Making New Friends As a Senior

Feb 27, 2017

Making New Friends As a Senior

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As we age, it can become more and more difficult for us to venture outside of our comfort zones. Aging can often be a lonely process, so it’s important to be able to find connections with new people. Many of us can feel frustrated, or even apprehensive about the prospect of making new friends as a senior. You or your senior has most likely had the same group of friends for decades now, so the idea of introducing someone new into your life can be overwhelming. Luckily, there are a few things to remember when you morph back into that social butterfly.

Tips For Making New Friends As a Senior

1.     Find a Sport or Hobby

We all remember those childhood friends we made while we were on the school football team, or in the school theater group. These relationships can often last through our young-adult years, so there’s no reason why you can’t strike up a new relationship well into your senior years. 

One of the easiest ways to make friends is to find a new sport or hobby that you enjoy. Engaging in one of these activities is a great way to meet like-minded people who want to connect with other seniors that have similar interests. Making new friends as a senior can be tough, but hopefully finding a new hobby or activity can expand your friend circle.

2.     Make the First Move

One of the biggest mistakes that many seniors will make is assuming that their counterparts will approach them first. Unfortunately, the majority of seniors will often feel hesitant to approach someone unfamiliar, so it’s important that you muster up the courage to start a conversation. This is by far the toughest part of making new friends, but once your spark up a conversation, this could lead to a whole new friendship for many.

3.     Ask For Help

You might want to ask your children or other friends for help finding new friends. Whether it’s the parents of a friend or someone they work with, your children might be the necessary link for making new friends as a senior. While we realize it can seem embarrassing to ask someone for help making friends, remember that they are only focused on looking out for your best interest. Make sure that your children create a comfortable atmosphere for you and your prospective friend so you can both remain at ease.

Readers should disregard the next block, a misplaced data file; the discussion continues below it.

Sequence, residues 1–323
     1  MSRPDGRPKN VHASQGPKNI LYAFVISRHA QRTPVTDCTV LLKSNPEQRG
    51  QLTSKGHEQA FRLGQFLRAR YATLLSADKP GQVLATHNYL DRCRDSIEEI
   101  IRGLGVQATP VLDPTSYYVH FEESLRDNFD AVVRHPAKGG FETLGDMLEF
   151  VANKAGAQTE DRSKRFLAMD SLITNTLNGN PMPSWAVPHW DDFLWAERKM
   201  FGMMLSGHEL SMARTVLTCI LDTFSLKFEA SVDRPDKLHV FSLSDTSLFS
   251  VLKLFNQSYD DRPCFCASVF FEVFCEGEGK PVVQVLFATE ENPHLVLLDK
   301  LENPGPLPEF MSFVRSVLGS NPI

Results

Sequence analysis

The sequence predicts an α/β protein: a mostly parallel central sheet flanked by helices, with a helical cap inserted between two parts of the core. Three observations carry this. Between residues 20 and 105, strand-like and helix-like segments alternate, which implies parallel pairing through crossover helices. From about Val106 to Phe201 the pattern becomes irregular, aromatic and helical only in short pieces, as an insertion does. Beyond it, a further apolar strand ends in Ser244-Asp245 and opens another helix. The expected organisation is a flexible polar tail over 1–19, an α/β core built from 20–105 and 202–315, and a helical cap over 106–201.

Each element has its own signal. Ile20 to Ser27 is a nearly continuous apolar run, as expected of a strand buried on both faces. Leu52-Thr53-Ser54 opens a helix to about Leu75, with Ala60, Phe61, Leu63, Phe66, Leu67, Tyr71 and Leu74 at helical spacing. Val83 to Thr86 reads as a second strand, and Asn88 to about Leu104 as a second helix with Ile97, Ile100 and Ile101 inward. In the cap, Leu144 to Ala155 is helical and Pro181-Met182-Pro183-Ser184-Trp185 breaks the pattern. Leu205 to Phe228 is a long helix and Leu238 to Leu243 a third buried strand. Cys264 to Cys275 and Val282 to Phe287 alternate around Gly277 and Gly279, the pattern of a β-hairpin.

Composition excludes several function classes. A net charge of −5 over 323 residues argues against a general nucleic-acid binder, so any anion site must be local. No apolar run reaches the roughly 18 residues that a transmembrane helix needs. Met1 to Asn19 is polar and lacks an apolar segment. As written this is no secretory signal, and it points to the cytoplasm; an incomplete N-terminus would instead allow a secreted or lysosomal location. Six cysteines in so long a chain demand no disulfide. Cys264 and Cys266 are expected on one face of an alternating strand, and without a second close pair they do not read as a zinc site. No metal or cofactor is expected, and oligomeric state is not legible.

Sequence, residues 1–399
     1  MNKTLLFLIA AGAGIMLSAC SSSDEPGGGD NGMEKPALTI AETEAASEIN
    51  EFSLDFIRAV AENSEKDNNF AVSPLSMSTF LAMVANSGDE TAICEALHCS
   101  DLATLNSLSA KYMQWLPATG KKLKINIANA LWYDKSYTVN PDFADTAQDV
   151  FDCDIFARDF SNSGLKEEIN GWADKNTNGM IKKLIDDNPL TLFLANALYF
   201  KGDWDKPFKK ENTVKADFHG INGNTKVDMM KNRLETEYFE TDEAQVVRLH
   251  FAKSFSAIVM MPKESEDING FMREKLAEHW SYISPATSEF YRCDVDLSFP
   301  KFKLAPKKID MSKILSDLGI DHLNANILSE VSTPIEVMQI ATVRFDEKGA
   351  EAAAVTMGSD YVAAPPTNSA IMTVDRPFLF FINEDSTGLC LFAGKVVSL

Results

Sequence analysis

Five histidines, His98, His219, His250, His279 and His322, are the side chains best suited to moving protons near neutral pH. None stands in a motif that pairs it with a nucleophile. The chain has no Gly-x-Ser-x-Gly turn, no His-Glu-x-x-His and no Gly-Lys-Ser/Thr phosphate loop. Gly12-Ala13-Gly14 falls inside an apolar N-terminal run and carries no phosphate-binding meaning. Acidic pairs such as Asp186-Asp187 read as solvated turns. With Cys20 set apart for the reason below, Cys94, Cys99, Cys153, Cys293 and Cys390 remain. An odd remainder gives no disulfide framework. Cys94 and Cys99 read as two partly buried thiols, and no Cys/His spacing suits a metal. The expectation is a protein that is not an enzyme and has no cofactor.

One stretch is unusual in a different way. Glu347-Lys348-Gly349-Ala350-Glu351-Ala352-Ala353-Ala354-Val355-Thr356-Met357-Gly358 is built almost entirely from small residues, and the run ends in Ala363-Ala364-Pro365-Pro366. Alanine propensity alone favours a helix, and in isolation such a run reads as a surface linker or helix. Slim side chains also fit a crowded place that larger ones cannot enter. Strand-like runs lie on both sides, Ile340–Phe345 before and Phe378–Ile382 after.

4.     Take a Part-Time Job

Another great way that many seniors are making friends is to pick up a part-time job. Not only is it a nice form of supplemental income, but it’s also a great way to meet new people and make new friends. Many will often enjoy the company of others outside of work, and what’s better than complaining about work to those who understand exactly how you’re feeling. A part-time job is also a great way to find someone who wants to join you on adventures outside of work. Finding a travel companion is a great way to enjoy your surroundings while embarking on adventures with a good friend.

5.     Get a Furry Friend

Get a dog if you're an animal lover. Conversations with other dog walkers are guaranteed, and even people without pets will stop to say hello to Max, giving you the perfect opener. Can't have a pet? Volunteer at your local shelter. These furry friends are perfect for making new friends as a senior and are the ideal conversation starter for many.

6.     Get Online!

Another great way to connect with others is to get online and explore. Whether it’s rekindling a friendship from years ago or meeting someone completely new, Facebook and other social media sites are a perfect way to seniors to connect with their peers as they try to make new friends. However, you might want to have someone familiar with social media double check who you’re talking to -- especially if you haven’t met them in person. Unfortunately, there are some unsavory people out there who will try to swindle money away by posing as a friend. Make sure that you truly know who is behind the screen before you think about disclosing personal information or sending them money.

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Frequently Asked Questions

How does osteoarthritis impact daily life?

Depending on the severity of the condition, osteoarthritis affects people differently. Most of the time the wearing of joints occurs very gradually over the course of many years. Mild cases are relatively able to be managed and constitute only a minor nuisance while living day-to-day.

More severe cases can limit mobility or the willingness to participate in daily activities due to the pain and discomfort resulting from osteoarthritis. This condition can make it hard to complete tasks involved with self-care, often discouraging people from working to treat osteoarthritis with healthy exercise.

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I was just told that my Dad is getting kicked out of assisted living. Is that possible?

Unfortunately, yes. Though it sounds awful, seniors can sometimes get kicked out of assisted living communities. Some of the reasons senior get kicked out are: endangering the health and safety of other residents or workers, breaking the rules, not paying the bill, or needing more healthcare than the community provides. However, most communities will provide residents with at least 30 days’ notice of eviction to allow families to plan around the situation. 

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